When Jack and Kate meet at a party, bonding until sunrise over their mutual love for cereal, Jack knows he’s falling in love – hard and fast. Kate isn’t like anyone else he’s met before. Soon, he’s driving to meet her almost every day, she’s meeting his best friends and they’ve got big plans for prom. That is, until Kate dies (trust me, this is not a spoiler). Really, that should be it but Kate’s death sends Jack back in time to the moment they first met on the stairs. Jack doesn’t understand what’s happening but maybe this is his second chance to prevent Kate’s death and save her. However, actions have consequences and Jack learns this the hard way. Opposite of Always is a novel about the choices we make, the people we choose and the sacrifices we endure for love.
I cannot deny that this book has wonderfully-crafted characters and writing. The writing was playful, quirky, heartfelt and comic. I loved that we had two black main characters as the leads with developed, fleshed out side characters that were just as significant as the main protagonists. Franny and Jillian were hilarious, with background stories and conflicts of their own that sucked you in. I especially looked forward to seeing how Franny and The Coupon’s relationship panned out. Even Jack’s parents – sweet, loving, supporting and understanding. It’s rare that you get to see the parents in a novel but Reynolds did a brilliant job of bringing their love and their support for Jack to life.
But the character that really made the novel was, of course, our protagonist Jack. Jack is the strength of this novel – he is funny, he is caring, he is supportive but he also makes mistakes. He’s realistic and relatable. It was very interesting to see what he learned from each loop and how far he would go to save Kate but at the same time, his guilt that he felt toward his family and friends as he let them down with each decision he made. At one point I was so very frustrated with him for how he made Franny felt I wanted to throw something at him. Jack has character growth and development, he’s real and he’s relatable and that really makes this novel a hit.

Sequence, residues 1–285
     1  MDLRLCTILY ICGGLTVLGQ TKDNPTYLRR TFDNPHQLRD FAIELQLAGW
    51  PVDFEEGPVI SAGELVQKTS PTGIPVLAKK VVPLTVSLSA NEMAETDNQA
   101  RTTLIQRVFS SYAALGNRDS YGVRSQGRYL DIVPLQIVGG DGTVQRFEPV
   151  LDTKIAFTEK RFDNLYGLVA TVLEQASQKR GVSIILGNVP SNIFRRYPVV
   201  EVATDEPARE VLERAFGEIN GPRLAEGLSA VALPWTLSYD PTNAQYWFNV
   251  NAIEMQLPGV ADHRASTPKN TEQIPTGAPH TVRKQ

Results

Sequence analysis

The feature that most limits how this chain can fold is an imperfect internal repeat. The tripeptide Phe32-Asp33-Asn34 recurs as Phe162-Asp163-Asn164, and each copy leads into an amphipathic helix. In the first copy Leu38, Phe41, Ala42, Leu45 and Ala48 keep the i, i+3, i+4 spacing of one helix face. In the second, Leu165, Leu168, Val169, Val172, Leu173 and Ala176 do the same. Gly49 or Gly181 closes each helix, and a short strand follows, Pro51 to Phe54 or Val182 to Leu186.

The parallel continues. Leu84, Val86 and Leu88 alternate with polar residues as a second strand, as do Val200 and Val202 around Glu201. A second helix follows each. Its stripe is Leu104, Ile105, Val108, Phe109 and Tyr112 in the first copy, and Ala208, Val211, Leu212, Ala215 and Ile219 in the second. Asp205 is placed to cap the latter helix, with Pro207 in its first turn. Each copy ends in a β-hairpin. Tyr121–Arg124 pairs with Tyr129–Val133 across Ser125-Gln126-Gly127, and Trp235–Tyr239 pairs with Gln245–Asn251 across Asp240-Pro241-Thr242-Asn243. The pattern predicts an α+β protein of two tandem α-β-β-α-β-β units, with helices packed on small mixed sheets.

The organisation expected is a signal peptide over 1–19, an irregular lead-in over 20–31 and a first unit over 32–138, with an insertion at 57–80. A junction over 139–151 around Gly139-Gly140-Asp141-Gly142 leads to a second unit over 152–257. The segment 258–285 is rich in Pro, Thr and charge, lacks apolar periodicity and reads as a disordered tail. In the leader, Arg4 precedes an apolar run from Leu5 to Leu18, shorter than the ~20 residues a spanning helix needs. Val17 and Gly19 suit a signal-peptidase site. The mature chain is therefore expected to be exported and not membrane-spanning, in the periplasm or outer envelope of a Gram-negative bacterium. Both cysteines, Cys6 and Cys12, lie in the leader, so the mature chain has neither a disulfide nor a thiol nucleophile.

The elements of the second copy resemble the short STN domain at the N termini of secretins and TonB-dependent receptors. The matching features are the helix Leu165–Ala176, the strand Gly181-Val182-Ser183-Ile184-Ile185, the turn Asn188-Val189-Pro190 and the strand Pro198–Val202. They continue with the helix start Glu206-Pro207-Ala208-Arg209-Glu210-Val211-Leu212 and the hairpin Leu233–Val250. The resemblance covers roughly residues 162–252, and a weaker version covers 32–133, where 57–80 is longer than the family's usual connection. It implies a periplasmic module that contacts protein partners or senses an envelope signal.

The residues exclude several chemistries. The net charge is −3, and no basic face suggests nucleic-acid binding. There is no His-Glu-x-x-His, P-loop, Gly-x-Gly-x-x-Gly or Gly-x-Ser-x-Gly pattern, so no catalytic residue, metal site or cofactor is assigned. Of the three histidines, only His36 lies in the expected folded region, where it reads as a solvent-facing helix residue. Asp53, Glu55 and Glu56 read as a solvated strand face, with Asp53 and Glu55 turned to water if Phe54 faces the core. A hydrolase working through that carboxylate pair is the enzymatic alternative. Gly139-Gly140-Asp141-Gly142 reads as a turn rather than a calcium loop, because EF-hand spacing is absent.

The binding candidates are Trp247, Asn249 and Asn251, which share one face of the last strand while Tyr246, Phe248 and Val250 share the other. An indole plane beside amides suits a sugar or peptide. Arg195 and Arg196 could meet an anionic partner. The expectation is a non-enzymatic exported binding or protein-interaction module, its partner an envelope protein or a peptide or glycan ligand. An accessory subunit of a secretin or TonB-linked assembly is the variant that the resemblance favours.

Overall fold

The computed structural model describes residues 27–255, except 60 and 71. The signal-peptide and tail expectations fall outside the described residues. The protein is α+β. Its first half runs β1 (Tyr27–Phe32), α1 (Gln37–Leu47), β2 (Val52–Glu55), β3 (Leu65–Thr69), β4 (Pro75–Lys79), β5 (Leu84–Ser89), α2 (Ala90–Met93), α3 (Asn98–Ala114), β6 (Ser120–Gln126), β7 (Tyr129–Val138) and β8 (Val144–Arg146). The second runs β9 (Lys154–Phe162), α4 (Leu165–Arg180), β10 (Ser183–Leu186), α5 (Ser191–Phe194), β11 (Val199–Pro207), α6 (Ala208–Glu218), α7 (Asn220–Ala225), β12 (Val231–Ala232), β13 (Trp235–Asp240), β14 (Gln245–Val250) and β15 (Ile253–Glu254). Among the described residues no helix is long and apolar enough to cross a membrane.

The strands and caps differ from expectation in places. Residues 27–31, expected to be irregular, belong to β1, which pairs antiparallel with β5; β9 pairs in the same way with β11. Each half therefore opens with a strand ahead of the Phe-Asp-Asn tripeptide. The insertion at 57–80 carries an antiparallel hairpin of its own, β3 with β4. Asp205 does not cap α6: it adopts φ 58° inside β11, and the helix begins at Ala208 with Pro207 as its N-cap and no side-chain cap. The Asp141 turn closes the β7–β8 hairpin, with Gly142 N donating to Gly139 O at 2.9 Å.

However, there are things I disliked. I’ve always found time travel loops to be difficult to enjoy as a reader. They tend to get quite tedious and repetitive as you experience the same situation over and over again. Unfortunately, this novel suffered with this. There were moments where I was just so sick of Jack making the same mistakes, almost to the point where it was almost predictable what he would do next. There was no edge, no waiting to see what happened because the loop made it so that I knew what would happen.
I also think the whole time-travel aspect was lacking development. We never get a reason or explanation as to why he can time-travel because Jack himself doesn’t care. Even the ending? I don’t understand why he didn’t go back again? And sadly, I just couldn’t get behind Jack and Kate. While Jack was developed and nuanced, Kate was not. She was nothing but a mere cereal-loving, Mighty Moat enthusiast who just so happened to be sick. She became defined by her illness and because of that, I couldn’t get behind the love story or behind her in general.
Yet, despite this, the book does have some lovely moments that make you ponder on the choices we make and the possibilities at life. Opposite of Always makes you think about never giving up and how hiding things to protect others can only end up hurting them even more. I genuinely think one day, we will see this book on the big screen – it has potential as a movie but for me, as a novel, it didn’t wow me. That being said, it didn’t disappoint either.
If you’re looking for a novel with excellent characters, this is it. The friendships, the family dynamics, the character developments – it’s all there. However, it lacks a plot that will keep you gripped and a love story I just couldn’t get invested in.